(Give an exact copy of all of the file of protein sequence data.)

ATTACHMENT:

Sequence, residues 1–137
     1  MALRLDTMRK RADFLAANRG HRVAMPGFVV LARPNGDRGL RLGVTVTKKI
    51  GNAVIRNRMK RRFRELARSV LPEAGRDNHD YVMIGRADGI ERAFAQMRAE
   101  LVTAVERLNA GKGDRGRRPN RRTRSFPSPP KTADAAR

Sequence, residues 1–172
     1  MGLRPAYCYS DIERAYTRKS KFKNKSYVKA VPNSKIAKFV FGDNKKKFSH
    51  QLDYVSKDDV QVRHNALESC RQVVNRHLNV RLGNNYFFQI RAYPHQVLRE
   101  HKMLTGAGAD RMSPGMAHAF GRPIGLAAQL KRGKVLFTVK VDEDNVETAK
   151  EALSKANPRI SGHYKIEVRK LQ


Sequence, residues 1–137
     1  MALRLDTMRK RADFLAANRG HRVAMPGFVV LARPNGDRGL RLGVTVTKKI
    51  GNAVIRNRMK RRFRELARSV LPEAGRDNHD YVMIGRADGI ERAFAQMRAE
   101  LVTAVERLNA GKGDRGRRPN RRTRSFPSPP KTADAAR

Sequence, residues 1–172
     1  MGLRPAYCYS DIERAYTRKS KFKNKSYVKA VPNSKIAKFV FGDNKKKFSH
    51  QLDYVSKDDV QVRHNALESC RQVVNRHLNV RLGNNYFFQI RAYPHQVLRE
   101  HKMLTGAGAD RMSPGMAHAF GRPIGLAAQL KRGKVLFTVK VDEDNVETAK
   151  EALSKANPRI SGHYKIEVRK LQ